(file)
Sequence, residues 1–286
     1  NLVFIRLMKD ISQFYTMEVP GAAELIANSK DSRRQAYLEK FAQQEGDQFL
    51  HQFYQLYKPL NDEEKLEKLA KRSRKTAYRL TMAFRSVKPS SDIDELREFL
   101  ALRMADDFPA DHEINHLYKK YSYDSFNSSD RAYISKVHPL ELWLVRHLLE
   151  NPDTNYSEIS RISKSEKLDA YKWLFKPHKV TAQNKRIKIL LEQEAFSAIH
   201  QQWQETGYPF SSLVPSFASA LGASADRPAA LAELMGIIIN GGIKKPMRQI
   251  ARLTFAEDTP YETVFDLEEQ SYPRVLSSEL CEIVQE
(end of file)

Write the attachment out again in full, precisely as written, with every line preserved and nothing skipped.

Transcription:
Sequence, residues 1–286
     1  NLVFIRLMKD ISQFYTMEVP GAAELIANSK DSRRQAYLEK FAQQEGDQFL
    51  HQFYQLYKPL NDEEKLEKLA KRSRKTAYRL TMAFRSVKPS SDIDELREFL
   101  ALRMADDFPA DHEINHLYKK YSYDSFNSSD RAYISKVHPL ELWLVRHLLE
   151  NPDTNYSEIS RISKSEKLDA YKWLFKPHKV TAQNKRIKIL LEQEAFSAIH
   201  QQWQETGYPF SSLVPSFASA LGASADRPAA LAELMGIIIN GGIKKPMRQI
   251  ARLTFAEDTP YETVFDLEEQ SYPRVLSSEL CEIVQE